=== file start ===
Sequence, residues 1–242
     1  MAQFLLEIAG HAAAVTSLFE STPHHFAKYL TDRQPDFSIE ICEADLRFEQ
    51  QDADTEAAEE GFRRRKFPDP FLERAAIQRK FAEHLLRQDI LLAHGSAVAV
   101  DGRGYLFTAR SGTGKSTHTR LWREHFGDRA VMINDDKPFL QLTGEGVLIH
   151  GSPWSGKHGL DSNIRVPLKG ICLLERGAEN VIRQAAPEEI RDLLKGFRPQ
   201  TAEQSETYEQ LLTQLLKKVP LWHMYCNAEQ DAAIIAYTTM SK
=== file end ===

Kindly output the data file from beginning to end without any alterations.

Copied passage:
Sequence, residues 1–242
     1  MAQFLLEIAG HAAAVTSLFE STPHHFAKYL TDRQPDFSIE ICEADLRFEQ
    51  QDADTEAAEE GFRRRKFPDP FLERAAIQRK FAEHLLRQDI LLAHGSAVAV
   101  DGRGYLFTAR SGTGKSTHTR LWREHFGDRA VMINDDKPFL QLTGEGVLIH
   151  GSPWSGKHGL DSNIRVPLKG ICLLERGAEN VIRQAAPEEI RDLLKGFRPQ
   201  TAEQSETYEQ LLTQLLKKVP LWHMYCNAEQ DAAIIAYTTM SK